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There are already plans on the table to create green, carbon-free hydrogen from renewables, so the maritime industry has begun its search for the next step, one which would allow H2 to be turned into a more easily storable, transportable form of fuel. Ammonia could be the answer, writes Stevie Knight.

Surprisingly, ammonia’s volumetric energy density is higher than liquefied hydrogen, says Grzegorz Pawelec of Hydrogen Europe: at 3.5kWh of energy per litre it takes up less space than LH2, working out at three times the volume of MGO. Admittedly, there’s a trade-off in energy lost to processing, but the benefits are arguably greater than the losses: ammonia poses a lower fire risk as it has a narrower flammability range and higher ignition temperature than hydrogen. Alongside this, it’s far, far easier to handle: it only requires 10 bar pressure or low-level refrigeration (below -33C) to keep it liquid.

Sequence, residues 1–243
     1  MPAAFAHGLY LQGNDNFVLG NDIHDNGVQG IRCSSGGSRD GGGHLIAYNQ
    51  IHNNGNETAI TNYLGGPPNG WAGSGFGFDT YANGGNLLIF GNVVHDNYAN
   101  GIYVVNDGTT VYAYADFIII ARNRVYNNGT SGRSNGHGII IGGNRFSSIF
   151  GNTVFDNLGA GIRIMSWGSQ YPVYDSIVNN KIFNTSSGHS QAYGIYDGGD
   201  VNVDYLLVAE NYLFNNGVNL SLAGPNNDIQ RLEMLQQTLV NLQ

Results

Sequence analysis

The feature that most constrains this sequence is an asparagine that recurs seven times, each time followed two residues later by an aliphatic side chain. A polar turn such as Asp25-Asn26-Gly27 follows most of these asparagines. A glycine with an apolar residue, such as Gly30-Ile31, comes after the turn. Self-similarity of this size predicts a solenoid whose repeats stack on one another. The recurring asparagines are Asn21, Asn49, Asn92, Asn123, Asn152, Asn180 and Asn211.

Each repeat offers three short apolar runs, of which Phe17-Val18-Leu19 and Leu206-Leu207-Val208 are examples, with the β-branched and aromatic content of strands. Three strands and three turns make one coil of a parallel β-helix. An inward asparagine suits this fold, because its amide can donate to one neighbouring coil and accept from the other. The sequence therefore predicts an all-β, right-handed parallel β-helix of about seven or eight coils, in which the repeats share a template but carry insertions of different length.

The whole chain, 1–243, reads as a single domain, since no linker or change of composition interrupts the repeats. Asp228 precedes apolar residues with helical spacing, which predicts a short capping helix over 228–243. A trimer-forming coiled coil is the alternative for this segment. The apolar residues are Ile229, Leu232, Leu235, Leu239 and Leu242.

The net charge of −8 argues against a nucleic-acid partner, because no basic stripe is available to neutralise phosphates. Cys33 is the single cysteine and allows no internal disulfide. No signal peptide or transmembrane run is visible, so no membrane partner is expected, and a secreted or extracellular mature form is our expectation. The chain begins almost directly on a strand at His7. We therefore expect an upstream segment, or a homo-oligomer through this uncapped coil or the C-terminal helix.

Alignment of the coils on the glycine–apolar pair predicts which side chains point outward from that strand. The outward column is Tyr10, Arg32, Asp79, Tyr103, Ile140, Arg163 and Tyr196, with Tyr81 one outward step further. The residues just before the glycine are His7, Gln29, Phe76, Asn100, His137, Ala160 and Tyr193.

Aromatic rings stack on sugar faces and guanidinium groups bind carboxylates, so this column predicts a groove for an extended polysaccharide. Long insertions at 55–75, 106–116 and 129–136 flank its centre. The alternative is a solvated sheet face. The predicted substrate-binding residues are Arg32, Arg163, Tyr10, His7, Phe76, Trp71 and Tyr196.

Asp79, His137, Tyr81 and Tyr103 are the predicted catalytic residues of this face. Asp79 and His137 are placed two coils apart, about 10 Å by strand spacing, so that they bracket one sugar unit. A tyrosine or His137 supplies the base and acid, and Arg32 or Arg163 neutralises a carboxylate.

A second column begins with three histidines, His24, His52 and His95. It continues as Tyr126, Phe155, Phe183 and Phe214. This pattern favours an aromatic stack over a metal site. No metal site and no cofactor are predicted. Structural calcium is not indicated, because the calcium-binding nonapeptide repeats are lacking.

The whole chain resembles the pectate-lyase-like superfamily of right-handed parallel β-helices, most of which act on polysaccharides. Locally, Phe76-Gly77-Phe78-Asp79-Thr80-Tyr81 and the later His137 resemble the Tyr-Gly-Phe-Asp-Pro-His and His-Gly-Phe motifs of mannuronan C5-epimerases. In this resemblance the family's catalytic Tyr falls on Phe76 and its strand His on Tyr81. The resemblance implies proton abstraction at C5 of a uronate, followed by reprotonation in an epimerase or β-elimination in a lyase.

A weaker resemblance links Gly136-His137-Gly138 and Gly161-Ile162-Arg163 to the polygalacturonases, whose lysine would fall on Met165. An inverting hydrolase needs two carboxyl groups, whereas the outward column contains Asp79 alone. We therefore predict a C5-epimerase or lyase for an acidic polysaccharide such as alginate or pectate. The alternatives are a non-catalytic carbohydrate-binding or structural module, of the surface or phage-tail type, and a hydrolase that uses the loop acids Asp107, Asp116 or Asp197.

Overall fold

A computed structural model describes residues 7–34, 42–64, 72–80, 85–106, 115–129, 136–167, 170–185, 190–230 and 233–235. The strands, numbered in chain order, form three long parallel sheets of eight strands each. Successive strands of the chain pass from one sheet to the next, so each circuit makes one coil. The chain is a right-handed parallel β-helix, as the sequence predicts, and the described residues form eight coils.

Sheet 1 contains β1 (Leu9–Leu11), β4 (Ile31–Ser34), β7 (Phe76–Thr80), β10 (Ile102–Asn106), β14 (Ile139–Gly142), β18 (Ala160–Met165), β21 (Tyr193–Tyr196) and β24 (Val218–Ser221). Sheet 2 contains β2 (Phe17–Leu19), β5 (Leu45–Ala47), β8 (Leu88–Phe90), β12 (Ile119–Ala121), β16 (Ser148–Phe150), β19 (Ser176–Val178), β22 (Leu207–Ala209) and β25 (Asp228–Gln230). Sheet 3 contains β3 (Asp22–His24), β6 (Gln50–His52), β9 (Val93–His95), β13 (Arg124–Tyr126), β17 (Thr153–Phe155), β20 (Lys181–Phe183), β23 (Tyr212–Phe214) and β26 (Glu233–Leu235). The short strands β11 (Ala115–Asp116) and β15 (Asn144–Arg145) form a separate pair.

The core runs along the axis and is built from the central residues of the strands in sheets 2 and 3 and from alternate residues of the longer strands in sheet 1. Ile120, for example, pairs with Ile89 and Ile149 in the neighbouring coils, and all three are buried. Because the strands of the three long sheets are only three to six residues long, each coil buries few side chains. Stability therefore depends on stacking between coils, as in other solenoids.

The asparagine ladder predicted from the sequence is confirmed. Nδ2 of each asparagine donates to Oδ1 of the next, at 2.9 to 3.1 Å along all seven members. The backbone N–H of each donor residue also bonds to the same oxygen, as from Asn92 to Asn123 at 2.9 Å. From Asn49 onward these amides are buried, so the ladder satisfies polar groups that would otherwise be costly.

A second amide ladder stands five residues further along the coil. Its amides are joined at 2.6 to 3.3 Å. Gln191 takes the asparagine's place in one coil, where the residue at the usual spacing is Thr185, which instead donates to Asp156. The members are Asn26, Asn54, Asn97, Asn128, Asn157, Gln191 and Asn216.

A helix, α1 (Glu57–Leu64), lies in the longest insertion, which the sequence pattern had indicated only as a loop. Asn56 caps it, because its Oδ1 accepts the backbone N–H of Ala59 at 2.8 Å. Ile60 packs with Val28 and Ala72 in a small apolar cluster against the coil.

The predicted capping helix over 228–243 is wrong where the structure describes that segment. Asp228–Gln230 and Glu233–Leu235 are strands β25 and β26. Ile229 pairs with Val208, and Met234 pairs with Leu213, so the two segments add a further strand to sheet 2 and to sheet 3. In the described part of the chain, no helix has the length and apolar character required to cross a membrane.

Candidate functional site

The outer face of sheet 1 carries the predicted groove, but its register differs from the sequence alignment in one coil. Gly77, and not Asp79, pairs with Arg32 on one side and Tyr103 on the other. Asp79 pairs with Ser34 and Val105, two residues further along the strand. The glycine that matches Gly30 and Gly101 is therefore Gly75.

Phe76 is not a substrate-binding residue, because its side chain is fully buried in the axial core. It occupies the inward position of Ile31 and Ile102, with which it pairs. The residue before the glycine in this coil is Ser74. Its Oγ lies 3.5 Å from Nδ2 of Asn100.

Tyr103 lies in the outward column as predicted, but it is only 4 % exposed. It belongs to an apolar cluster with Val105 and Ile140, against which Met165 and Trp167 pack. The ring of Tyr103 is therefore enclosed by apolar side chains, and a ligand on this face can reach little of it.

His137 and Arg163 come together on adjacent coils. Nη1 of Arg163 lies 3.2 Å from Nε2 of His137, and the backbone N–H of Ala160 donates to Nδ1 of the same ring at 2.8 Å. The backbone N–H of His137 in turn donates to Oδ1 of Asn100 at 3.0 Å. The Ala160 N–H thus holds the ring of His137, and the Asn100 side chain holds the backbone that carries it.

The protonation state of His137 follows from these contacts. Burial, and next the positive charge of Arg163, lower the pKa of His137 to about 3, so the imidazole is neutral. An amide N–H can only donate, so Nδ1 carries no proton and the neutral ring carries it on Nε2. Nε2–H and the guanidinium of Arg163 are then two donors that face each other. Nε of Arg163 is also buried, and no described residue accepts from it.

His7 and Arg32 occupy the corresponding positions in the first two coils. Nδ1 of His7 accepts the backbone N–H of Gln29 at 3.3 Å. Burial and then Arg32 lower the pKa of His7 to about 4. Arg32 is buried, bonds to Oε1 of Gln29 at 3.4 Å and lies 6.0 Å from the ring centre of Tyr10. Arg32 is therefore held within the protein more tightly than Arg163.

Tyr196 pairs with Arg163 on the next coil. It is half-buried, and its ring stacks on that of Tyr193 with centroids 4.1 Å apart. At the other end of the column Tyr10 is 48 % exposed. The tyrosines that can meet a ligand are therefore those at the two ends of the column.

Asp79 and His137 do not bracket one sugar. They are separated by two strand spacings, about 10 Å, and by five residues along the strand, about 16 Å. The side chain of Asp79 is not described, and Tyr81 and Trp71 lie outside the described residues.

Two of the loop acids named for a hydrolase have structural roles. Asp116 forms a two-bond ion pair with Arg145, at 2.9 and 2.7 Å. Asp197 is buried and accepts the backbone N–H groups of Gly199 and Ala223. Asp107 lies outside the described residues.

Further, it’s already widely used in everything from fertilisers to plastics and pharmaceuticals, and as Gennadi Finkelshtain, CTO of GenCell Energy points out, “transcontinental pipelines and production of ammonia in quantities of more than 180m tonnes per annum” also mean there’s a lot of existing handling experience – and the common, hydrocarbon-derived variety is readily sourced.

Read the full article on The Motorship here.

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